I didn’t know what to expect as I sat in a taxi headed to speak at Japan’s first seminar on gay family-building.
In an LGBT-inclusive place like Los Angeles, the idea of same-sex couples having children through surrogacy and in vitro fertilization has become commonplace. People like Elton John and David Furnish, and most recently TV producer Greg Berlanti, very publicly having children have created a new normal for gay Americans.
In Japan the idea is completely foreign. “Traditional families” are codified in Japanese culture. Not only are same-sex marriages unrecognized by the government, but policies forbid Japan-based fertility doctors like myself from working with anyone but a straight couple, leaving same-sex couples (and straight or LGBT singles) unable to seek family-building assistance in the country.
While some lesbians have found ways to give birth to their own children, for gay men, having children wasn’t just difficult, it was not even considered by male couples.
“For gay men, we haven’t even had any conversations or interest in the topic here in Japan,” one of the event’s local coordinators, Hiroko Masuhara, told me. Hiroko is an LGBT consultant for corporations in Japan now suddenly very interested in learning more about their LGBT customers and employees. She and her wife, Koyuki Higashi, have been bravely fighting for legal recognition of their marriage for the last couple of years.
Traveling to the seminar, I wondered if anyone would show up. If there was a crowd, would it be simply a bunch of looky-loos? Would people sit quietly and nod, trying to just get through the talk?
As soon as I walked in the door, I was blown away by the energy and enthusiasm.
I had been a part of events like this before, speaking at conferences in London and San Francisco, hosting seminars in Los Angeles and Memphis. This was like nothing I had ever seen.
The room wasn’t just packed with people, it was bubbling with excitement. About 70 attendees — mostly gay men and same-sex couples — had turned out for a conversation that simply hadn’t taken place in Japan. We couldn’t fit another person. When organizers were looking for a space, they had decided on a smaller venue because not even they knew what the interest would be. I later learned that in the days leading up to the event, they had had to turn away many people interested in the work.
It was a diverse crowd of people from all walks of Tokyo. Some were stylish and trendy, others nerdy, with a healthy dose of business suits in the room as well — all across a range of ages. Gay people from across the city had found their way to the truly groundbreaking event.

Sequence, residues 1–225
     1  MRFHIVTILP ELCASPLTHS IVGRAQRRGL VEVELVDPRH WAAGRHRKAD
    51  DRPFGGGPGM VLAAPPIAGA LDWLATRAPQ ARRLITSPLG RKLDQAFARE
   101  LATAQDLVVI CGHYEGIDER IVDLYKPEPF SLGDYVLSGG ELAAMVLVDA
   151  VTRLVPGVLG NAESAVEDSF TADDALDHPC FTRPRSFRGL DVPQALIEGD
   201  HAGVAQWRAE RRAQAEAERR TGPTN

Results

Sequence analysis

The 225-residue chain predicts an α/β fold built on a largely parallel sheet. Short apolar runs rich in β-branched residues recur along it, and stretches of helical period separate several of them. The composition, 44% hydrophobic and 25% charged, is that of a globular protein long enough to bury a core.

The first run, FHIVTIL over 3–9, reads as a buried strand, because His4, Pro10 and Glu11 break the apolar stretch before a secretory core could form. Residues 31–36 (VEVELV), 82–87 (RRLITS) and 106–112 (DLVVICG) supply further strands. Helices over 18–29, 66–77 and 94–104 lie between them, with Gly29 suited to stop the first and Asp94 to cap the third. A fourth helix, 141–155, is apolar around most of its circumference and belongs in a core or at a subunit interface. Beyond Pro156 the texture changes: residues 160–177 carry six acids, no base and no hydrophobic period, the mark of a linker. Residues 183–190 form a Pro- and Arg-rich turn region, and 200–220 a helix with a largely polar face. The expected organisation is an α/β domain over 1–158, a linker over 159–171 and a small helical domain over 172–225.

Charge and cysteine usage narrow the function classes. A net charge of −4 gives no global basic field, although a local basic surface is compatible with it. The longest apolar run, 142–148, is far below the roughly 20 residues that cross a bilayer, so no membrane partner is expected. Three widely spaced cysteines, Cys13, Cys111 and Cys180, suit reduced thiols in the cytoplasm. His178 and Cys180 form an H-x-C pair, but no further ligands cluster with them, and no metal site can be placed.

A half-dozen media outlets, including PBS, had come to document the historic moment when the opportunity for gay men to have children in Japan would be discussed openly for the first time.
The enthusiasm for the afternoon’s conversation was palpable. The possibility of having children had simply not been on the radar screens of these folks ever before. It was like the conversation about some technology that suddenly made it possible for humans to fly — never a remote possibility in their minds, then a frenetic enthusiasm for the suddenly possible.
As I spoke. the energy in the room didn’t dissipate, it grew. People didn’t get tired, they became more and more energized. Even working through a translator — my Japanese is most definitely not conversation-ready — every single member of the audience was attentive, on the proverbial edge of their seats.
Questions flew at me from across the room about the selection and role of surrogates, the process of conceiving a child thousands of miles away, and whether two men can both donate sperm in the process. They even asked some personal questions about my husband and me.
Many of the questions also centered on the law. Because the concept of two gay men having a child together is so new, the law is murky at best. Despite a centuries-old history of adult adoption in Japan — today sometimes used in the place of same-sex marriage — currently two people of the same gender cannot legally adopt a child under 6 years old together in Japan. A same-sex couple named the two parents of a child born through surrogacy in the United States? The best guess of legal experts I’ve spoken to said that Japanese law would recognize the American surrogate as the mother, the sperm donor as the father, and not acknowledge both men as the legal parents. The family-law experts in both the U.S. and Japan have a challenge ahead to find a path forward for Japanese LGBT people.
Every shift in social consciousness — and ensuing access to legal protections — has to start somewhere. For same-sex couples in Japan, the spark, when we look back years from now, will have been this seminar. The overwhelming gratitude these folks showered on me and the other presenters at the event brought me a deep sense of pride. This may have been just the first step, but I’m committed to seeing the LGBT people of Japan all the way through this.
“Before that night having a family was just a story in foreign films,” Hiroko said after the event. “Now people here in Japan are talking about it. Now it is a possibility.”